This year my friend Jim and I took yet another road trip. We embarked on "The Trip" on Saturday morning with no plan, no official destination, and no idea what we would see or do Our first stop put us in Jeffersonville, IN, where we stayed for two nights. Being that it was just the two of us, we were able to take our bikes, Batman and Orange Crush. After driving that first night, we were tired. We ate dinner in the hotel and stumbled upon Zombiestock 2012, where Grindstone was playing live in front of about 8 people dressed as zombies (ask me for the full story). The next day were were up early, had breakfast and drove to Bardstown where we biked around and had lunch at The Old Talbott Tavern. It was nice stop on the way to the Maker's Mark distillery. After Maker's, we biked over the bridge to Louisville, KY and stopped at a local place called The Garage - a great restaurant converted from an old car shop. We had some awesome pizza and delicious beer. I also had a taste of there jalepaño infused beer and was happy I did not get a full glass. Afterward, we hustled over to the local movie theater and caught a showing of Flight starring Denzel Washington. It was a great movie but not quite as action packed as we were hoping for. We stopped for one more beer near the hotel, after the rather dangerous ride back across the bridge, and we discussed our plan for the next day.  

In the morning, after a very serious discussion about driving to the Florida Keys, we began the drive to The Great Smoky Mountains National Park. We drove the better part of that day with a quick stop off in Corbin, KY - home of the very first KFC. We had a late lunch there and checked out the run down museum dedicated to the life and times of Colonel Sanders. He actually seemed like a cool dude. Of course, on the way we saw a sign for Woodford Reserve Distillery and we had to make the stop there. Those side trips took longer than expected and we ended up having to camp outside of The Smokeys at Cove Lake State Park. It was actually a great spot despite the very loud mechanical plant that we could hear all night. We made a fire, and I took some photos over the water, then we cuddled up in the tent and watched The Walking Dead on the iPad. The next morning it was the Smokeys or bust, luckily we were only about an hour away.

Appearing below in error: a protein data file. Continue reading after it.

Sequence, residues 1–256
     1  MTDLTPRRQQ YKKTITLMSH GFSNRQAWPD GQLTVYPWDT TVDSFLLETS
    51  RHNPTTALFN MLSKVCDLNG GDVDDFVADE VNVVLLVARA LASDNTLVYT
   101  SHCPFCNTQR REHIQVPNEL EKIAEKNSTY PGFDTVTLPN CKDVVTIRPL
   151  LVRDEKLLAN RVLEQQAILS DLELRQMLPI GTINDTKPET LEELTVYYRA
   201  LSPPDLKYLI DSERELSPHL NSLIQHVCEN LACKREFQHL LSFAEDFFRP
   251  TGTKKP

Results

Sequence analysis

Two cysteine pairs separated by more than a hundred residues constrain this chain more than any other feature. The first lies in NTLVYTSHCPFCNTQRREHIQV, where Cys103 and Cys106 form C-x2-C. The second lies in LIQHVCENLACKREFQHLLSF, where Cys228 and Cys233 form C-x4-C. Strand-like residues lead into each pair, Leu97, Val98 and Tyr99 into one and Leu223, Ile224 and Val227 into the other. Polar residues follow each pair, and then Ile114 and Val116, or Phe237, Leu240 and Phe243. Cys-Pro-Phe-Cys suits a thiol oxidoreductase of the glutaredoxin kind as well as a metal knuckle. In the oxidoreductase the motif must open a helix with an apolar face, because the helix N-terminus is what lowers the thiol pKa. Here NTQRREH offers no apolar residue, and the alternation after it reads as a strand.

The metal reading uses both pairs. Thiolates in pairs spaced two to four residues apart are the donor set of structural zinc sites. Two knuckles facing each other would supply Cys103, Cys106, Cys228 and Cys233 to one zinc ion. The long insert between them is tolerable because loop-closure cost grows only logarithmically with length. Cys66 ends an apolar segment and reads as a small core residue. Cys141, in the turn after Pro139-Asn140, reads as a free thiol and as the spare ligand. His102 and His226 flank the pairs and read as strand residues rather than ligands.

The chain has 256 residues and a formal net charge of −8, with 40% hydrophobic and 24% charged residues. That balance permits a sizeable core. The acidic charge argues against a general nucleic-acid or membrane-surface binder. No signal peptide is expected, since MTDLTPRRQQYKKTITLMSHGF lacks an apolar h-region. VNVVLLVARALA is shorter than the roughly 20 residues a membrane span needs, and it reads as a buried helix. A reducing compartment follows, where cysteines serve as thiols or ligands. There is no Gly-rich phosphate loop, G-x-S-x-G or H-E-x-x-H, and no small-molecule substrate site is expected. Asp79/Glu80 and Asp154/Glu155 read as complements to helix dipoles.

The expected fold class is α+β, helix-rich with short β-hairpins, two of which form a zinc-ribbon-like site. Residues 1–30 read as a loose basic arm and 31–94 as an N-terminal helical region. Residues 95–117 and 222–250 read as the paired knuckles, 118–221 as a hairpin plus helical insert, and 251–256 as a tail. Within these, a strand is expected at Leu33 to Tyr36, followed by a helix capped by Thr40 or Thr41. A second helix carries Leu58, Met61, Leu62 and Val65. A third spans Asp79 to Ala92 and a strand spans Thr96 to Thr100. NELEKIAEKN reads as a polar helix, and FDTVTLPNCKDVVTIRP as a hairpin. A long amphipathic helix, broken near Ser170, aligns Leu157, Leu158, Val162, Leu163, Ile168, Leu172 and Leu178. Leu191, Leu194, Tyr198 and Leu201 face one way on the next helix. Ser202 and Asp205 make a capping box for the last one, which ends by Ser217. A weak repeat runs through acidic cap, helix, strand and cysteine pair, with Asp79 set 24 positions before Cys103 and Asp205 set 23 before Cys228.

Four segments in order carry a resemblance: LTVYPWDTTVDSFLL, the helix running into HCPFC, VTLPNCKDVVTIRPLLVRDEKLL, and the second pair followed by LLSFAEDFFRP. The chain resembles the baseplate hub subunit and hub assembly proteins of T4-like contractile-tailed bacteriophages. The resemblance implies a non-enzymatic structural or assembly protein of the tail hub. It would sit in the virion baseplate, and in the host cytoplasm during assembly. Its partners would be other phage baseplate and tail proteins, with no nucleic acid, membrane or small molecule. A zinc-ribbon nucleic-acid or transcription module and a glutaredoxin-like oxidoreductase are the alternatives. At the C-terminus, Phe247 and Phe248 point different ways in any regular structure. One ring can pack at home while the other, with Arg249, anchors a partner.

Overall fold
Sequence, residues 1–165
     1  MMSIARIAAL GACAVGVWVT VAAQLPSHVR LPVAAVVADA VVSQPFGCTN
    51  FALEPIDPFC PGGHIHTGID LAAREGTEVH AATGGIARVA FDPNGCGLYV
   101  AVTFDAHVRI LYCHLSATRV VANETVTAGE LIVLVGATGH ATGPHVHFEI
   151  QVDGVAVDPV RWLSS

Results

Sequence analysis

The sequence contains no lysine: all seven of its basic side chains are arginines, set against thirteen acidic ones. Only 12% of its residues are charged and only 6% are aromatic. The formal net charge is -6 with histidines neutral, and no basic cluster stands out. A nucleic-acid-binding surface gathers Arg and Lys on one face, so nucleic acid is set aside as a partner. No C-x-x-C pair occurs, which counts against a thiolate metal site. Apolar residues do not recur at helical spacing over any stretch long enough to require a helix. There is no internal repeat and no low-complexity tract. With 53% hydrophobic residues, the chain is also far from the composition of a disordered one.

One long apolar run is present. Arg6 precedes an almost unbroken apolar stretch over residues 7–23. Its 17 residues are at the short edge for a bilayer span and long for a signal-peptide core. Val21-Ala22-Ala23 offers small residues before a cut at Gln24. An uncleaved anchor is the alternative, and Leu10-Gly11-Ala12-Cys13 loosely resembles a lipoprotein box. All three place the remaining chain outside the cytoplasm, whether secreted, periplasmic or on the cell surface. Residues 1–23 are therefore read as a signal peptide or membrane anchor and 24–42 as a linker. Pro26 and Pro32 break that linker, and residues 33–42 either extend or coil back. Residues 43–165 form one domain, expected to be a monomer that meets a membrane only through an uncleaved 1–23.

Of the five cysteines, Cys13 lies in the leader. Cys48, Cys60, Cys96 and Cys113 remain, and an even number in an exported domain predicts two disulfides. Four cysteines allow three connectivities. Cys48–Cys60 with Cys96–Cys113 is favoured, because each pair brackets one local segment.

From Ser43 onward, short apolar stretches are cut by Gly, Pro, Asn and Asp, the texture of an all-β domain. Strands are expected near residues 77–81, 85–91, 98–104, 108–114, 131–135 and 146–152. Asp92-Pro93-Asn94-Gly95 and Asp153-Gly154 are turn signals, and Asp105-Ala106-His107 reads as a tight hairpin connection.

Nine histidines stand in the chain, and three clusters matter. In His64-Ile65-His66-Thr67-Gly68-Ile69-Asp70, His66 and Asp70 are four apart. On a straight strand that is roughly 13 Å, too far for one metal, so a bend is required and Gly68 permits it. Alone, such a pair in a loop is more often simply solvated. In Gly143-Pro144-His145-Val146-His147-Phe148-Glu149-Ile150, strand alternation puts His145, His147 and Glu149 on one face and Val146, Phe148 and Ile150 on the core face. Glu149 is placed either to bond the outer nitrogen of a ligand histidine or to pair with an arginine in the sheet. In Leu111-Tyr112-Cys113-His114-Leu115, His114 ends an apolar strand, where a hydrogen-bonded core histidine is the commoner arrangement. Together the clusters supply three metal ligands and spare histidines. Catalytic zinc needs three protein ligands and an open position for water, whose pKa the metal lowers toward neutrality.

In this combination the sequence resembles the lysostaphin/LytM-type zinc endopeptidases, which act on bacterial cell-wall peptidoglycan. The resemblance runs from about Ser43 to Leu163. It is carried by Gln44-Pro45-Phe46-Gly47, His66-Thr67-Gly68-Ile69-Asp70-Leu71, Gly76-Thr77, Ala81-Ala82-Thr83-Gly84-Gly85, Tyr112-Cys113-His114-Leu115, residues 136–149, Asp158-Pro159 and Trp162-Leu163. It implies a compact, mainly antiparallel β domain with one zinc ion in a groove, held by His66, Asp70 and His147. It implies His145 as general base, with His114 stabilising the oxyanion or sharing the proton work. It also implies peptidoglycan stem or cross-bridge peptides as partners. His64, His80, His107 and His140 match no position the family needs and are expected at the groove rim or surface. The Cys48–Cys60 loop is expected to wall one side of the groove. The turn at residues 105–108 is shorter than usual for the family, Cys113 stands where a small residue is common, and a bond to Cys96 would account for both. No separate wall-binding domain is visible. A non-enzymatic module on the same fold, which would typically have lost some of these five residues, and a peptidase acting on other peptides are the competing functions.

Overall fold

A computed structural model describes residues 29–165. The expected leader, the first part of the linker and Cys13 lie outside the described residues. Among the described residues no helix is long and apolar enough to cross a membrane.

View all the photos 2012_11-10_TheTrip

The Trip Part II by Michael Durr

We arrived in the Smokeys, after driving through the ridiculous towns of Pigeon Forge and Gaitlinburg, and spoke with a ranger about where we should go. The park is enormous, but we found a great spot called Cades Cove. If offered everything we were looking for, bike trails, hiking trails, and access to the Appalachian Trail. We followed the winding roads up north to Cades Cove and found a great campsite buried in the woods. After setting up camp, we grabbed the bikes and went on a 13 mile scenic loop. We saw lots of wild life, and old structures that had been placed along the loop. Unfortunately, it began to drizzle and the roads got slick. Jim ended up wiping out on his bike and realized after about a mile that his glasses were missing. We detoured back and ended up finding them. The ride was amazing but much more challenging than we though. It was cold and rainy, plus roads in the Smokeys aren't like roads in Chicago. They have steep hills! We got back exhausted but did a quick little hike in the back of our campsite. It was actually pretty cool with a river running and a bit of mist in the air, of course I fell in the river and soaked my right shoe. When we got back to the campsite, since it was raining we drove down to a pavilion to cook our dinner and I spent some time in the bathroom drying my shoe with the hand dryers. After dinner it had stopped raining and we attempted to build a fire, the wood was damp and hard to work with but Jim pulled off a fire large enough for us to roast a few marshmallows and warm up.